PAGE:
As consumers become more aware of and attuned to the consequences of the food choices they make, they are paying more attention to food labels. Almost three in five Asian consumers say they carefully read the nutritional labels on products.

Nutritional labelling has come a long way in recent years, with many countries requiring product specifics to be included on packaged foods. But what is deemed “mandatory” versus what is simply “recommended” varies significantly by country. It is this variation, both in product categories and the underlying criteria, that makes implementation difficult to achieve and places a significant burden on cross border marketing. This can be a major consideration when companies are planning to enter new markets or manufacture regional products.


Corporate awareness of swelling health concerns and the role manufactured food plays is high. Some companies are tackling the issue head on, with health initiatives high on their corporate radar. Here are four recently introduced corporate measures designed to address health and wellness concerns:

  1. Resize and restrict: Downsize packaging and communicate that products should only be consumed on an occasional basis or as a treat.
  2. Reformulate the recipe: Reduce products’ sugar/fat/salt content.
  3. Diversify the range: Shift offerings away from high sugar/fat products and focus advertising on healthier range offerings in their portfolio.
  4. Fight for the cause: Total refocus on creating functional or fortified product ranges, which aid in the prevention of obesity and chronic disease.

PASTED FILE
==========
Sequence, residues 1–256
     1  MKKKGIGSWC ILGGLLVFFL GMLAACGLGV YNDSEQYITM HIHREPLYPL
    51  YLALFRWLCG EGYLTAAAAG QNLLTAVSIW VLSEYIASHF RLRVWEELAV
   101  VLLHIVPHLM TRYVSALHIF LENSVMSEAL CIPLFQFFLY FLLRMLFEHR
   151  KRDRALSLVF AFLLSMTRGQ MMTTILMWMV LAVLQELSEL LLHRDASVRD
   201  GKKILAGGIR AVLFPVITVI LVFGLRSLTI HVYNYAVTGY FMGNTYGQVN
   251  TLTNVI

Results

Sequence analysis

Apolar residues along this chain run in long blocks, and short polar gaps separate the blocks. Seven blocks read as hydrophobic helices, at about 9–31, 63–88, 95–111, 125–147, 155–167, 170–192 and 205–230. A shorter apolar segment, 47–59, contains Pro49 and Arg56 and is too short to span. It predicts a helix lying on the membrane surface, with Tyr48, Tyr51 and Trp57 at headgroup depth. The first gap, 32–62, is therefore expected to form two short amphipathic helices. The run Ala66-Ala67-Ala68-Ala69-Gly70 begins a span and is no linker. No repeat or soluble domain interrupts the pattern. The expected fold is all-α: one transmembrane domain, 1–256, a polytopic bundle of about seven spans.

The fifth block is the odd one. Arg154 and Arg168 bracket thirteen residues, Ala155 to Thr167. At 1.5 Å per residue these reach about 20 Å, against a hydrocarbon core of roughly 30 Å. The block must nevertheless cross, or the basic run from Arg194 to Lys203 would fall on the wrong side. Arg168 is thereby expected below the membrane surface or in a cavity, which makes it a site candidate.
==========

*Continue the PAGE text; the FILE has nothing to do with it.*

In the wake of this recent wave of new marketing approaches, consumer scepticism and demand for authenticity from brands has never been higher. Across Asia, more than half of consumers (56%) believe health claims are just a way for food and beverage companies to charge more for their products. Some big players have started to invest in small health-focused start-up companies to tap into both niche and emerging trends and channel health know how.


Consumer preferences are changing. Nielsen’s recent Global Ingredient and Dining-Out Report revealed that consumers across Asia want access to more natural, organic, fat free products on shelf than are available today.

Some progressive companies are moving beyond traditional food manufacturing and exploring functional food and beverage offerings that can be used as an alternative to or alongside medication.

There is already growing support for this movement, with close to two-thirds of Asian consumers (64%) agreeing superfoods provide a natural way to prevent and treat ailments.

As support for superfoods gains momentum, some brands are looking to redefine themselves and are investing heavily in health science. Others are looking at functional foods that appeal to consumer segments, such as a new range of products designed specifically for cancer patients. These examples highlight the evolution of food beyond where it is today, as well as the opportunities for manufacturers in the future.


In order to stay one step ahead of emerging and future food trends, it is critical companies take a proactive stance in a handful of key areas, including:

  • Being transparent on ingredients and labelling;
  • Adopting natural, simple ingredients;
  • Changing the formulation of a product to be healthier;
  • Tapping into the functional foods movement;
  • Leveraging technology to enrich the consumer experience and create healthy relationship with consumers; and
  • Measuring, monitoring and self-regulating.

With heightening awareness of the burden obesity places on social and financial health systems, Asia is already on the cusp of a health revolution. Now it’s up to manufacturers, businesses and governments to work together to support and drive the revolution forward.

Check out our infographic and view our webinar replay for deeper insights.